The collapse of Cambodia’s free press

Photo: CC BY-SA 2.0 via Wikimedia Commons

Asia PR completed its purchase of the Phnom Penh Post. The newspaper was the last remaining semblance of a free media outlet in Cambodia.


The Cambodian free press has entered the darkest days in recent memory. The Phnom Penh Post was the last sanctuary of free reporting in Cambodia. A Malaysian PR company with links to Prime Minister Hun Sen bought the newspaper in early May. Its sale signals a death blow to the free press in Cambodia.

As soon as the sale was completed, journalists lost their jobs

The day after Asia PR completed the purchase, it fired several senior editors. There was a story on the Phnom Penh Post’s website describing the relationship between Asia PR and Hun Sen.

Representatives of Asia PR demanded the Post remove the article. Anath Baliga, one of the article’s authors, said, “the first thing they [Asia PR] said was to take the article down, right now”.

When the Post’s management team refused, Asia PR fired the editor in chief, Kay Kimsong. Three other senior editors resigned in protest.

Hun Sen is employing classic autocratic silencing techniques

The sale is another example of Hun Sen’s autocracy in action. Since 2017, he has systematically closed or manipulated media outlets under his control. In September, he presented the Cambodia Daily with a US$6.3 million tax bill. The newspaper had to close.

Hun Sen employed a similar tactic against the Phnom Penh Post. Last year, the Post was hit with a US$3.9 million tax bill. Australian owner, Bill Clough, attempted to push on despite heavy losses. Then, on May 5th, he agreed the sale with Asia PR.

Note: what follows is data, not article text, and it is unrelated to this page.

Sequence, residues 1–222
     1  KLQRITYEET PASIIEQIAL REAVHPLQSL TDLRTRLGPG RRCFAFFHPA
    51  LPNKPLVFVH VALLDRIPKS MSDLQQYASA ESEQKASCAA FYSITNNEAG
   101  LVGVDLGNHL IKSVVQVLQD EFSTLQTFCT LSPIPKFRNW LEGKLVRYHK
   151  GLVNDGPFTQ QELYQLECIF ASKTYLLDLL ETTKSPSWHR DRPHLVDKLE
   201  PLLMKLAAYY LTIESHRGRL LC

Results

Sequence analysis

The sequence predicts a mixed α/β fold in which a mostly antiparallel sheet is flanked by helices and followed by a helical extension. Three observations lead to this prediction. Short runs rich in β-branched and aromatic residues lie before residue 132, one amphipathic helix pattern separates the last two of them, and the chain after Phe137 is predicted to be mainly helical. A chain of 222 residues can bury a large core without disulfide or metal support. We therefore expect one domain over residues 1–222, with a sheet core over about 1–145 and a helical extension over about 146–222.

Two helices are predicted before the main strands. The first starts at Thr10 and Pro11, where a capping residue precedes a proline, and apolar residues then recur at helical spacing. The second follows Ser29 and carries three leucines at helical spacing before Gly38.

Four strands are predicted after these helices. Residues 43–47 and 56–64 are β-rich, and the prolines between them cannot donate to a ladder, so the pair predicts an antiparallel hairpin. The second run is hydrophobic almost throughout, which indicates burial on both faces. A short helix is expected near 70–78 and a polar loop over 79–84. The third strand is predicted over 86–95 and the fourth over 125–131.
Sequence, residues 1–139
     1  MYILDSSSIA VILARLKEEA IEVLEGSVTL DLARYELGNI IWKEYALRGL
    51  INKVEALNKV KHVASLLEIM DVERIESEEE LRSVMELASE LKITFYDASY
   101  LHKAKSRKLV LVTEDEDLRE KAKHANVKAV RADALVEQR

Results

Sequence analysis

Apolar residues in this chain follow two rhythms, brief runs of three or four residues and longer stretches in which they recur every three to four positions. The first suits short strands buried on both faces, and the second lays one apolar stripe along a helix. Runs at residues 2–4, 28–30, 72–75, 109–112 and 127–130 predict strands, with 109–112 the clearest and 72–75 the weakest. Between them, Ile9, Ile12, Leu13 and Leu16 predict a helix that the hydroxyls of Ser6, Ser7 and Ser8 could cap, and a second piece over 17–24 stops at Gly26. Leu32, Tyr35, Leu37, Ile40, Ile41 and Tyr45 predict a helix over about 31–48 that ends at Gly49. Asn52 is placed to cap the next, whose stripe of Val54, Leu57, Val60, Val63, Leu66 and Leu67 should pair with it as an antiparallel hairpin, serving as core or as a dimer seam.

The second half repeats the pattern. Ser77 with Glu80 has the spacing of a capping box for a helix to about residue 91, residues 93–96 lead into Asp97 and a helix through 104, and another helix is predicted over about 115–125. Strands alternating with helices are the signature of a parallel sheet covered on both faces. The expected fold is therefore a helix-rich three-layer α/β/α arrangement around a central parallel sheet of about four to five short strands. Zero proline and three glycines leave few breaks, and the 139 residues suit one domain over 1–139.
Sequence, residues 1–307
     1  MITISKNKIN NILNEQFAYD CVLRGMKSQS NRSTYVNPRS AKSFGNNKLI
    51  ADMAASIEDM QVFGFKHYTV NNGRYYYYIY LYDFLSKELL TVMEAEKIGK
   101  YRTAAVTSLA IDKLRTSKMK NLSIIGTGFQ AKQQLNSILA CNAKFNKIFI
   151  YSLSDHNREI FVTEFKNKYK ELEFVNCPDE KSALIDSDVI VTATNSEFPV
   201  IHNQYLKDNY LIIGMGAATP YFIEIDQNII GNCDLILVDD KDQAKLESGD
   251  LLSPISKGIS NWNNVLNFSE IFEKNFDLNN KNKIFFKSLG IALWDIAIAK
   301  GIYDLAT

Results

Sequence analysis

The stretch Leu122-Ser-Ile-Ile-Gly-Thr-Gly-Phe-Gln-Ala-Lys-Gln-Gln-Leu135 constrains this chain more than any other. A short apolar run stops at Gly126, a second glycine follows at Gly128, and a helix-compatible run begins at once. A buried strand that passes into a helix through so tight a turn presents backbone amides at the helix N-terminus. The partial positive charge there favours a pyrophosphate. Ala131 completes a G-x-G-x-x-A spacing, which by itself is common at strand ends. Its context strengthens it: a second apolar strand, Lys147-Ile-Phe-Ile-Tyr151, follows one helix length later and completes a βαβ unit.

He is creating an environment of hostility

Hun Sen views a free and independent media as a direct threat to his government. Rather than directly censor publications, Hun Sen has created an environment of hostility. He has used the Cambodian tax system to force newspaper closures and sales.

Half of the country’s journalists now report intimidation. Some are behind bars, facing arbitrary charges. Authorities arrested two former Radio Free Asia (RFA) reporters in November. They stand accused of illegally collecting information from a foreign source. They are currently in jail awaiting trial.

An Australian journalist named James Ricketson was also arrested in January. The 68-year-old stands accused of espionage. He faces between five and ten years in prison if convicted.

The forced closures and arrests have contributed to Cambodia’s drop in the World Press Freedom Index. It now sits in 142nd place. Down ten places from 2017.

Will the situation improve?

Self-censorship has become an established part of the Cambodian press. Journalists do not know where the limits are or what could get them thrown in jail. The result is the collapse of a free press in Cambodia.

The Cambodian government has achieved strict censorship without the use of draconian laws. Instead, journalists fear for their personal safety. The government taps their phones, and there have been cases of death threats. This is far more repressing than censorship laws.

Censorship laws provide a clear framework for what is acceptable and unacceptable. Journalists know what the consequences will be for their speaking out. A climate of fear is far less black and white. Journalists are forced to live in a state of fear and uncertainty. Once created, an atmosphere of intimidation takes longer to remove than legal obstructions.

In this climate of fear, a free press cannot grow and flourish. The loss of the Post as a haven for free reporting is more than the loss of a national institution. It is the death of the last tree in the once thriving forest of the Cambodian free press.